It would surprise us if current negotiations do not result in a compromise ensuring that Greece, at least for the time being, will remain in the Eurozone.
No thanks to Finance Minister Yanis Varoufakis’ Game Theory.
None either to the Germans being emotionally moved by the solidarity the Greek people have shown in backing their new leader, Alexis Tsipras. They are not.
Moreover, a compromise will not materialize because European Central Bank President Mario Draghi would lose any sleep if Greece was out of the Eurozone. He wouldn’t.
The reason is none of the above: it is because of the role the United States is playing for its own geopolitical interests, in advocating for Greece’s cause.
We remind that President Obama specifically pressed German Chancellor Angela Merkel about Greece in their recent joint press conference. And that he encouraged her to develop a strategy of growth for the Greek economy withing the Eurozone .
The United States continues to lobby intensely for Greece. Treasury Secretary Jack Lew spoke directly with Tsipras on Feb. 13 – not with his Greek counterpart Varoufakis – while Secretary of State John Kerry spoke with his own counterpart in the Greek government, Nikos Kotzias.
We can easily surmise that similar phone calls were made by the Americans to Germany, and elsewhere. What did they talk about? It is not difficult to imagine.
Essentially, that in a tumultuous world from the dangerous crisis in Ukraine, to a Middle East fast approaching the brink of disaster – with a looming threat over Israel about a potentially nuclear Iran – and an unpredictable Turkey under Recep Tayyip Erdogan’s leadership, the last thing the United States would need is the destabilization of Greece and increasing influence by Moscow spreading in Athens and Cyprus.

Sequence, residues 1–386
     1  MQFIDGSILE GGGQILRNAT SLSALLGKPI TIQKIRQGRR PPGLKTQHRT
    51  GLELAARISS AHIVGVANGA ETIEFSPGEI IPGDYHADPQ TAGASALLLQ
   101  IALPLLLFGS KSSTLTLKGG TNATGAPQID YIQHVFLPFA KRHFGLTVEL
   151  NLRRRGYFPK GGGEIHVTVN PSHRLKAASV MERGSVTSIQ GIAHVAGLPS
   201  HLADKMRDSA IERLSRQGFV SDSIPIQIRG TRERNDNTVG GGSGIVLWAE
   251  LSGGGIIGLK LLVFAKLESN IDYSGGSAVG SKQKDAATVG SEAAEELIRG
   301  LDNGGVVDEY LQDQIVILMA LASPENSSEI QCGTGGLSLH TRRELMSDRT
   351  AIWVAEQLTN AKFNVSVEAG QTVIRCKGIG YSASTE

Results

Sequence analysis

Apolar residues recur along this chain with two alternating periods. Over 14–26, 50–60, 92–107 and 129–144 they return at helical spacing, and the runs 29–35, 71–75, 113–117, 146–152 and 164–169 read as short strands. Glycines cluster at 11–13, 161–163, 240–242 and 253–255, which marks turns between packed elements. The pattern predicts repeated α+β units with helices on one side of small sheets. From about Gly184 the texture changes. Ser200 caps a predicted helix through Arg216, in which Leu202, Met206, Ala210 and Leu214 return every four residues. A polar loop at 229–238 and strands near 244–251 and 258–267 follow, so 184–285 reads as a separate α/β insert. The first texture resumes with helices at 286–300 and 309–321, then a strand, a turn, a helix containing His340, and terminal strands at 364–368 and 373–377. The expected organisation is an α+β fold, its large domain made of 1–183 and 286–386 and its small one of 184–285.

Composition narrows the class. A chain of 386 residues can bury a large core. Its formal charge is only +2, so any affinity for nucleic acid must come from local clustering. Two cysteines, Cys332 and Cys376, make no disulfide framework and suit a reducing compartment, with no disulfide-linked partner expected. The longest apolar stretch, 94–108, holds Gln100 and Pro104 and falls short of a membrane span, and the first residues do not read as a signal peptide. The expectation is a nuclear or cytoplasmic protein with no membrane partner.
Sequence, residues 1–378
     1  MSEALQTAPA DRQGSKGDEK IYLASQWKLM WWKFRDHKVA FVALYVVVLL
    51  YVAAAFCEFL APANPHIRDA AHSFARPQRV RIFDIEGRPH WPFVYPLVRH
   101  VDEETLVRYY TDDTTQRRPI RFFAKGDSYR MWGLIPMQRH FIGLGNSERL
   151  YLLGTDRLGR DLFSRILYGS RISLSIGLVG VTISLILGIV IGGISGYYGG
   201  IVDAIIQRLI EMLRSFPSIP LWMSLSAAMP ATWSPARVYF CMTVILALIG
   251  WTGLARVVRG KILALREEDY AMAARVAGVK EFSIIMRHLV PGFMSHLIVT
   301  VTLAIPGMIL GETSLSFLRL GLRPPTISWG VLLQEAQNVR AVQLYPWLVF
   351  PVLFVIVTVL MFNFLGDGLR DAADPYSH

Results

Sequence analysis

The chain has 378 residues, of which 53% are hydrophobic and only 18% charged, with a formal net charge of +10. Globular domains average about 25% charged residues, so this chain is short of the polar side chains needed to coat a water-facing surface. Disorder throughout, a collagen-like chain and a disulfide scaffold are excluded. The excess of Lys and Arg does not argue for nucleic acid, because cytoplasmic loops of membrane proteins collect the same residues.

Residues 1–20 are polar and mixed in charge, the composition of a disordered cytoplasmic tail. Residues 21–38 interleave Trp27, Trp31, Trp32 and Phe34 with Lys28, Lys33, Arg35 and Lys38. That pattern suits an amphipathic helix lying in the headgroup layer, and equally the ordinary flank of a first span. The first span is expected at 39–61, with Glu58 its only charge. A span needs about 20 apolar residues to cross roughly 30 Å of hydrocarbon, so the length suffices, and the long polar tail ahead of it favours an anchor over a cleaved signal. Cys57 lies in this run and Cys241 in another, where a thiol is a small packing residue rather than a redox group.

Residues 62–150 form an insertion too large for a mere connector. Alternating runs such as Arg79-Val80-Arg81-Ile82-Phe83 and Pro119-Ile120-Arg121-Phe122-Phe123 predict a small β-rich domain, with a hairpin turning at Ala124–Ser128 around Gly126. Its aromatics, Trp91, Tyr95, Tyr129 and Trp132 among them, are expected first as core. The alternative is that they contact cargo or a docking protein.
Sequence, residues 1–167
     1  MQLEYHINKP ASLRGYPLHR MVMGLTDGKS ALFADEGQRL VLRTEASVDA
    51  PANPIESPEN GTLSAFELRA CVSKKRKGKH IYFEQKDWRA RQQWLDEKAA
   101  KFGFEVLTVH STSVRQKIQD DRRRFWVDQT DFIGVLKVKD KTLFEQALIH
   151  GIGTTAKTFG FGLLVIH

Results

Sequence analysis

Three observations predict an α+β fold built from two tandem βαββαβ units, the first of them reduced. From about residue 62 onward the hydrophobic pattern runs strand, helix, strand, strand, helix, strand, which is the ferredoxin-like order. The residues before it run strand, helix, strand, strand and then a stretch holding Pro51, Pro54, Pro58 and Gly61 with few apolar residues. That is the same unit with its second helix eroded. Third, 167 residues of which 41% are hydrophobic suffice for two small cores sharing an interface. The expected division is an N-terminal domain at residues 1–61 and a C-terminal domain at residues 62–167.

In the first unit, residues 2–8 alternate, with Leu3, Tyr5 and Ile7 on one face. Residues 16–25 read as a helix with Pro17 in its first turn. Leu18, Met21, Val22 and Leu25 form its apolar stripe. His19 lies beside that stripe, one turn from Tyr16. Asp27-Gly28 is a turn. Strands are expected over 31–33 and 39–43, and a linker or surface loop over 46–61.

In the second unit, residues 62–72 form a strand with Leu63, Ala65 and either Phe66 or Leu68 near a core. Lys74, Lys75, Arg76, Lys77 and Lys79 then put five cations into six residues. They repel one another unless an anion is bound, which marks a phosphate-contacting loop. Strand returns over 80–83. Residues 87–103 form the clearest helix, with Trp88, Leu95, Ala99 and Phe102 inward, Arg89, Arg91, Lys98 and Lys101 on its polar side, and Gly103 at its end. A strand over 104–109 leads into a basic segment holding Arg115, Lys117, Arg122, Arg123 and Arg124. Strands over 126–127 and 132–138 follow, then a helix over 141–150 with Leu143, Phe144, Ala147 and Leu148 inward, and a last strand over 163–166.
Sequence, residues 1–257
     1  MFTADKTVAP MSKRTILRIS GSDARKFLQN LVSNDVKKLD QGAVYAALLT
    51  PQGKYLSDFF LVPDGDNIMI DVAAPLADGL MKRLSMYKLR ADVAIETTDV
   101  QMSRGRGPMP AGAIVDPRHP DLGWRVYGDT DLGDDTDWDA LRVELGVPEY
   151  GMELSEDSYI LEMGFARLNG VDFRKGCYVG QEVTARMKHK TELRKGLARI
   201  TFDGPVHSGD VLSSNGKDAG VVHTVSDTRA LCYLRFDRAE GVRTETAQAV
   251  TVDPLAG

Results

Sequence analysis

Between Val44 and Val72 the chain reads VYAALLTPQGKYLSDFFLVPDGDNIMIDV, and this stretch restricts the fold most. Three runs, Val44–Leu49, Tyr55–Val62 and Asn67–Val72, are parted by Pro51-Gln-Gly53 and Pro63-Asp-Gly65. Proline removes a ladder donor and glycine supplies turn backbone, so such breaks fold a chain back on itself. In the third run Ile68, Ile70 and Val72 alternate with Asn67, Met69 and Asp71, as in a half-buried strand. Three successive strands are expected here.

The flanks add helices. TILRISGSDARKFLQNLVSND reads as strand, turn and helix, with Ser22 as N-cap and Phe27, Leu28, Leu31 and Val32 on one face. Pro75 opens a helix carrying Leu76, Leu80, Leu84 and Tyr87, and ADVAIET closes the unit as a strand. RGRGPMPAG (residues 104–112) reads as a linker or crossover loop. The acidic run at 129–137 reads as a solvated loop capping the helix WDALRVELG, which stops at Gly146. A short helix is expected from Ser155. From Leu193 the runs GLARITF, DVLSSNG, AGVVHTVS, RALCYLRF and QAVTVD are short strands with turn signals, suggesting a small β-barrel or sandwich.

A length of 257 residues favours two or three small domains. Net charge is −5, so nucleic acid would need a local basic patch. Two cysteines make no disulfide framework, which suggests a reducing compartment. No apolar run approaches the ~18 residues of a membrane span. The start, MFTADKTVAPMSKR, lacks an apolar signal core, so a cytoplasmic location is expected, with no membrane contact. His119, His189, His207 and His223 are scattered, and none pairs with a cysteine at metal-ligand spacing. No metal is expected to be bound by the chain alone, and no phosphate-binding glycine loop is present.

America’s strong support of Greece after World War II, as evidenced by the Truman Doctrine, was not for naught. Certainly, the United States would not let those efforts go to waste and allow Greece to fall into Russian leader Vladimir Putin’s clutches, over a few billion euros.
That is why we believe that, even as the Germans will continue to insist upon the agreed-upon conditions, the Eurozone’s principles and values, and the need for reforms on the part of Greece , in the end they will agree on a formula that will simply kick the can down the road, for now.
A formula that both Tsipras and Merkel can present to their respective nations as a “win-win.”
Until the next crisis.